On the spatio-temporal particle emission behavior of pulse-jet cleaned surface filters via measurement of the emission contribution of individual filter bags with low-cost particulate matter sensors

  • Chair:

    AFS FILTCON 2021

  • Place:


  • Date:


  • Author:

    P. Bächler, V. Löschner, J. Meyer, A. Dittler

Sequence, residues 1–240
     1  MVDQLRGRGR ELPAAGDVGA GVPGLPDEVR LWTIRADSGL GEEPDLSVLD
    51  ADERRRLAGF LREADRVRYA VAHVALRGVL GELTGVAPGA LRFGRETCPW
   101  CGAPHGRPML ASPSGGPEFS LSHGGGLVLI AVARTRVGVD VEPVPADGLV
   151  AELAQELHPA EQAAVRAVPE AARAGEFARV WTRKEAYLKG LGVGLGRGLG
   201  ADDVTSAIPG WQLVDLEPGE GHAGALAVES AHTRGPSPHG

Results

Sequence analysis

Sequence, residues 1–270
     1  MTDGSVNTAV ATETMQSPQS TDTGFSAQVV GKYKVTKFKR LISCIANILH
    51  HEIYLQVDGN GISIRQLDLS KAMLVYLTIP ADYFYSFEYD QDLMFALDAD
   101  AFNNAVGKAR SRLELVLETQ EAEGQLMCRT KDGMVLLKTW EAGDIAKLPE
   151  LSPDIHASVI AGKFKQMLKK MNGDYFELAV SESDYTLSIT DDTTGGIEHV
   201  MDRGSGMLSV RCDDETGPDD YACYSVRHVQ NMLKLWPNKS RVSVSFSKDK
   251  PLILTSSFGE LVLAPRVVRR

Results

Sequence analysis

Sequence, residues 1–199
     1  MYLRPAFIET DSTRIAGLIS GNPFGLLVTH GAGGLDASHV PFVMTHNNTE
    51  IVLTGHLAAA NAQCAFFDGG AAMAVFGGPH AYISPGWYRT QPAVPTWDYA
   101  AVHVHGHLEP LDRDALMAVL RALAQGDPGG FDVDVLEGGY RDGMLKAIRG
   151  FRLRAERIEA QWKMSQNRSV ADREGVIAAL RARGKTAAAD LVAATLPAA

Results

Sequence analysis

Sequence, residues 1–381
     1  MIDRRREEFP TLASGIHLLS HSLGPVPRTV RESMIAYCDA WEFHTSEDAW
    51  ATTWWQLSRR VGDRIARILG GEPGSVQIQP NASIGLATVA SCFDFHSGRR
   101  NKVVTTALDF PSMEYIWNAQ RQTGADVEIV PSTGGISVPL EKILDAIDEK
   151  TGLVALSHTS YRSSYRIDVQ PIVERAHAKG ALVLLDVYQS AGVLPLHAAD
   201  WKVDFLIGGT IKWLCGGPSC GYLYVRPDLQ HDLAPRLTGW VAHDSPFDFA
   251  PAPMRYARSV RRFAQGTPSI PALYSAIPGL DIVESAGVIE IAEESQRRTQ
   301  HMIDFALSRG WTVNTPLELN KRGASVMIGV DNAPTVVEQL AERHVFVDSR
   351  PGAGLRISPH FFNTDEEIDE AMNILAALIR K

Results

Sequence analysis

• Protection of the environment from dust emissions plays a key role in a variety of technical processes. Primarily the cement industry or the energy sector, where high dust concentrations have to be separated from loaded gas streams, rely on pulse-jet cleaned surface filters in order to meet emission standards. Emission monitoring of baghouse filters is oftentimes only scarcely implemented, as only a total dust emission is measured, if at all. However, particle emission hotspots like leaks, damaged filter media, or incorrectly installed bags can contribute significantly to the total dust emission. Identifying such hotspots via online measurement could greatly help plant operators regarding filter maintenance and operation strategy. Low-cost particulate matter sensors, which gained in popularity over the last decade for the application of air quality monitoring, are suitable for spatial deployment in filter houses and offer the possibility for local and simultaneous measurement of the dust emission. The potential for spatially resolved online measurement was shown in a pilot plant scale baghouse filter with nine filter bags, whereby the local particle concentration at the outlet of each filter bag has been monitored applying a commercially available low-cost particulate matter sensor from the manufacturer Alphasense. The qualitative emission behavior of the local particle emissions detected via low-cost sensors and the total particle emission detected by a highly developed aerosol spectrometer from the manufacturer Palas® correspond well. During the initial filtration cycles, a high continuous particle emission occurs. This continuous emission decreases over time, indicating the clogging of the seams of the filter bag, until an ideal emission behavior similar to filter test rigs occurs (no continuous baseline emission). Here, the particle emission peaks after jet-pulse cleaning of the corresponding filter bag are detected by the locally installed low-cost sensor only and can be clearly allocated to an emission peak of the total dust emission detected by the reference. During consecutive filter operation, a continuous particle emission in addition to the emission peaks due to filter regeneration may reappear and/or disappear at individual filter bags. At higher pulse intensities, this cycle dependent continuous emission occurs with higher frequency and higher intensity and likely originates from the release of particles from the (previously) clogged seams of the filter bag due to jet-pulse cleaning. Furthermore, local measurement enables the identification of particle emission hotspots and different spatial emission levels on the clean gas side, which were generated by installation of filter bags with different properties (e.g. permeability, surface treatment). In addition to concentration monitoring, the particle size distribution on the clean gas side also varies between the filter media and can be distinguished by the data obtained from low-cost PM-sensors, further demonstrating the potential for the improvement of emission monitoring in filtration applications.